Thursday 30 August 2012

Dent Blanche S Ridge

Despite the searing heat of mid August disappearing, we've been having some odd conditions here in the Alps with plenty of sun, but plenty of thunderstorms too. Picking an objective is always tough at times like this, and the main danger is letting frustration rule, and picking what you'd like to do rather than what you should do. Peter, Tom and I debated several options including a quick hit to the Bregaglia area, but all of us are keen on having good days, and none of us are keen on "getting away with it", so that plan was shelved in favour of a trip to the Valais for some classic alpinism on the Dent Blanche.

With all 3 of us unacclimatised, the famously tough slog up to the Dent Blanche hut felt like a real grind, but we still managed it in 4.5 sweaty hours (and that was with me carrying some vegetables which the hut guardian had asked me to pick up in Martigny!).

All photos Peter Riley - 

Me and Tom at the hut.

Hut sunset

Away from the hut about 4.15 the next morning we made good time and had tagged the summit, stuffed ourselves with Haribo and M&Ms and were on our way back down before 8. Most of the route is very steady scrambling, and there are just a few short, trickier sections. Were it not for the verglas which covered the final third of the route, I think we all would have been happy soloing everything, but as it was we stuck the rope on briefly near the top. The descent took as long as the ascent as we abbed down a few verglassed slabs, and got stuck behind a few guided teams, but we still back in Cham for dinner time and a well earned vin rouge. 

This was without a doubt one of the best viewpoints I've been to in the Alps, so here is a shedload of photos to illustrate the point!

Me mid-way up the ridge at sunrise

Looking across to the Matterhorn, Monte Rosa et al.

Waiting to pass a guided team high on the ridge

Looking across to the Zinal Rothorn & Ober Gabelhorn 

Matterhorn gets the first rays of sun

Tom and I on the busy summit

Starting down

Me on the verglassed rock just near the summit. 

COLD!!! I wore all the clothes I had when we left the hut at 4.15, and still had them on when we got back! My water froze too, so pretty wintery all told.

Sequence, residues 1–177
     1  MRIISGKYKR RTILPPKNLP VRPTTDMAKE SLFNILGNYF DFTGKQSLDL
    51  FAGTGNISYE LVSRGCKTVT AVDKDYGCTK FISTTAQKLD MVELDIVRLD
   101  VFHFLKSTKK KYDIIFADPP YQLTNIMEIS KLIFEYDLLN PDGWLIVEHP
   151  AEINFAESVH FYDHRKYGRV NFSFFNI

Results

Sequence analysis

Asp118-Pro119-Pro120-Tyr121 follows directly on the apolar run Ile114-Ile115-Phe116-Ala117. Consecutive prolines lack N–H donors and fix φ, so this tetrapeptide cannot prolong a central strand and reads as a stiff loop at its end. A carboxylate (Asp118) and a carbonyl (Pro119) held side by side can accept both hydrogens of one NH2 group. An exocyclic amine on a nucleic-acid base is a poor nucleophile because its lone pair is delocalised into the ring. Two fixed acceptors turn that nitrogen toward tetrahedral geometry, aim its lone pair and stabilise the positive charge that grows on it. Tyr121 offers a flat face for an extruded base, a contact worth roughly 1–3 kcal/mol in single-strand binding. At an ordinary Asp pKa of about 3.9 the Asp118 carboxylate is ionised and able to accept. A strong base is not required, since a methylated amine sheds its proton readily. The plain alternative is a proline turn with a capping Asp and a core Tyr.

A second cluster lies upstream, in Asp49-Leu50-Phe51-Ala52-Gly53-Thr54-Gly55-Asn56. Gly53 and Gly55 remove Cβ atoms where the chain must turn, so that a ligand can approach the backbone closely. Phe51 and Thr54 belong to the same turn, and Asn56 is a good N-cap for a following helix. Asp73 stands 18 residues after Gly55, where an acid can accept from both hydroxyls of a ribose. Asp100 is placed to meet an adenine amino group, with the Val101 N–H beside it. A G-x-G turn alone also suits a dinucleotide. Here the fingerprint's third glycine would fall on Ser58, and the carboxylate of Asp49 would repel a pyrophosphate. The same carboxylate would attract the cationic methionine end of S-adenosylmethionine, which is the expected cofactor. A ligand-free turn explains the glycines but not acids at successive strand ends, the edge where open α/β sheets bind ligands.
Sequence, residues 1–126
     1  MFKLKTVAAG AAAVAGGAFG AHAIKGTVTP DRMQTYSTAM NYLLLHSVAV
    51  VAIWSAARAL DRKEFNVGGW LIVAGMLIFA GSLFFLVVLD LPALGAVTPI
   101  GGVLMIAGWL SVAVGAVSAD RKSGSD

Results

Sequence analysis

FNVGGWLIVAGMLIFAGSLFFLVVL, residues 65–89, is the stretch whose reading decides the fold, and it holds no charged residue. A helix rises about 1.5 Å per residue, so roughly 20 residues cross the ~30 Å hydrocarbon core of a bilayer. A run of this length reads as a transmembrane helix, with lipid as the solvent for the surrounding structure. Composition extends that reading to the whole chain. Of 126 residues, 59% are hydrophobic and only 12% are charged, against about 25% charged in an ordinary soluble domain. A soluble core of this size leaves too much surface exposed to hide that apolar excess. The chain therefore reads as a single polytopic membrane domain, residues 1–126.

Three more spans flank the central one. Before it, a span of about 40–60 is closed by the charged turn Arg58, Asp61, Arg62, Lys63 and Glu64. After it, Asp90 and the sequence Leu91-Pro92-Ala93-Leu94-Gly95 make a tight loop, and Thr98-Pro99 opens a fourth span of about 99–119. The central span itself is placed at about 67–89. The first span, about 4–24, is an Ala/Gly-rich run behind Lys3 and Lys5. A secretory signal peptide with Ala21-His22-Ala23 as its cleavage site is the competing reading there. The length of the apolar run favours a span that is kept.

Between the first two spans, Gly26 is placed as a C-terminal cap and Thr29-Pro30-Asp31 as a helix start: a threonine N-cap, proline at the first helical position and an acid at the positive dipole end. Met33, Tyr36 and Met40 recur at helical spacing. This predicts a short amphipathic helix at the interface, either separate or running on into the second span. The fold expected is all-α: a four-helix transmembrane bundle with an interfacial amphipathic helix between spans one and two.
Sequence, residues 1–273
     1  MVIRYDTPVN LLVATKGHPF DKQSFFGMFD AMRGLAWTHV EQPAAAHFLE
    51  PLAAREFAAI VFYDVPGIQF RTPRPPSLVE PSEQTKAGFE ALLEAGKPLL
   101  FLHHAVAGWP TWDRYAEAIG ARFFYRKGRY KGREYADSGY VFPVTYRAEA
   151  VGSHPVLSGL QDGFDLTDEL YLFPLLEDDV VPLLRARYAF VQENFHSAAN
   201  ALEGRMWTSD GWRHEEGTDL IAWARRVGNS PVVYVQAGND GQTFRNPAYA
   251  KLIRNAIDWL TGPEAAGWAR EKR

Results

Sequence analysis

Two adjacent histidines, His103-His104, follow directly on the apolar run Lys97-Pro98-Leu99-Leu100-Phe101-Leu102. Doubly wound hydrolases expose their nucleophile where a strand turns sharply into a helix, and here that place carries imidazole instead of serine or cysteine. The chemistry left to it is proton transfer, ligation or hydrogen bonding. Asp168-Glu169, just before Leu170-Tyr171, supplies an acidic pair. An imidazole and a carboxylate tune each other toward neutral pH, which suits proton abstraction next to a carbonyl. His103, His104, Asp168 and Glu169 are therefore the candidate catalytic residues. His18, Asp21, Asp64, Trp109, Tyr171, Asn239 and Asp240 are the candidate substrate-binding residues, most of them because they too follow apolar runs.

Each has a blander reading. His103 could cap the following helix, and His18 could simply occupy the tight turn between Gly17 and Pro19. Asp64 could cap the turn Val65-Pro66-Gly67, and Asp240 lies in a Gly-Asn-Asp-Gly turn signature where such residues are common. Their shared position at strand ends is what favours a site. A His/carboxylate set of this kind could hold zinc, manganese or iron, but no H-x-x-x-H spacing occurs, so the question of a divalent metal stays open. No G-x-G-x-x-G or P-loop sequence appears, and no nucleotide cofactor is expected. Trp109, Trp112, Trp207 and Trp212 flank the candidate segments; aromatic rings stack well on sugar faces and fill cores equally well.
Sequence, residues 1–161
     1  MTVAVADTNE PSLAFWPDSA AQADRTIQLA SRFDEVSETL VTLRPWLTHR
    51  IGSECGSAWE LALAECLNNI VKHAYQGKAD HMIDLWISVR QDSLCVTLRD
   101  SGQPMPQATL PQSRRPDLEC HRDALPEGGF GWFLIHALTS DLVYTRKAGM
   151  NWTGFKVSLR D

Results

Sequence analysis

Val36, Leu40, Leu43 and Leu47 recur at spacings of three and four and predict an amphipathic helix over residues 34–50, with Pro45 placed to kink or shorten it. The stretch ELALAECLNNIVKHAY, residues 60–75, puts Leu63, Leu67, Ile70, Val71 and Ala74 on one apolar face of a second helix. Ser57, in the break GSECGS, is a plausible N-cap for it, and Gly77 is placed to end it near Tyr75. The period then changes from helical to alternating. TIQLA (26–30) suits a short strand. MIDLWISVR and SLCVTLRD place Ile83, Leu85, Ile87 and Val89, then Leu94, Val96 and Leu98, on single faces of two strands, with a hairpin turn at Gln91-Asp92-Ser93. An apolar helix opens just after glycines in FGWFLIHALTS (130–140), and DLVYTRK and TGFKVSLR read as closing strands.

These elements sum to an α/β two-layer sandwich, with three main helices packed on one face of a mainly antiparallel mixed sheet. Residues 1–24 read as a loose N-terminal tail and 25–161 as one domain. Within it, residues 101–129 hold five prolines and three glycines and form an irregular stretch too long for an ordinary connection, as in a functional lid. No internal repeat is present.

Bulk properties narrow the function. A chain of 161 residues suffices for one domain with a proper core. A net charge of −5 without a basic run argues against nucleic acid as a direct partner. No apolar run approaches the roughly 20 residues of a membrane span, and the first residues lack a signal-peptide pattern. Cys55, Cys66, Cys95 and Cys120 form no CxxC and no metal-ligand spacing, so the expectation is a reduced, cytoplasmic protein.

Looking back up at the ridge

Heading home as the clouds thicken. It started raining a few hours later.

Final thing - when we were checking out Peter's photos, we came across this one; in which Tom and I seem to be having a competition on who can look the most camp. I'm confident I won but cast your votes now please.

Wednesday 22 August 2012

Aiguille des Chamois S Ridge Integrale

Last week I was down on the Cote d’Azur, and returned to Cham over the weekend to find the sun shining and the temperature no different to Monaco. The mountains have clearly dried out hugely over the last 10 days or so, and it sounds like people have been pretty busy on big routes.

However, the heat was such that the weather seemed to be becoming a bit unstable, and I wasn’t keen to get stuck into anything too big and then be committed if a storm did arrive. The first idea I came up with was a quick hit in Switzerland to climb the Dent Blanche. 2 hours into the walk in the heavens opened, and we promptly turned around and walked back down. Win some lose some.

Tristan and I decided we had to get something done even with the threat of afternoon thunderstorms, and opted for the South Ridge Integrale on the Aiguille des Chamois (2902m) in the Aiguilles Rouges. The route is supposedly about 90 minutes from the top of the Index chairlift, but I was walking with Tristan so we did it in just over an hour....